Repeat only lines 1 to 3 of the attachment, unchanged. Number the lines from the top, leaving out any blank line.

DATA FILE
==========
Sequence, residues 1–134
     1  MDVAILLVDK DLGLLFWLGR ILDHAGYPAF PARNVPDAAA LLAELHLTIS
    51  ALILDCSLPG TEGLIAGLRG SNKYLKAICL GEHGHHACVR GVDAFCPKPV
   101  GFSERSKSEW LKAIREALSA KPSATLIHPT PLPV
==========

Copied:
Sequence, residues 1–134
     1  MDVAILLVDK DLGLLFWLGR ILDHAGYPAF PARNVPDAAA LLAELHLTIS
    51  ALILDCSLPG TEGLIAGLRG SNKYLKAICL GEHGHHACVR GVDAFCPKPV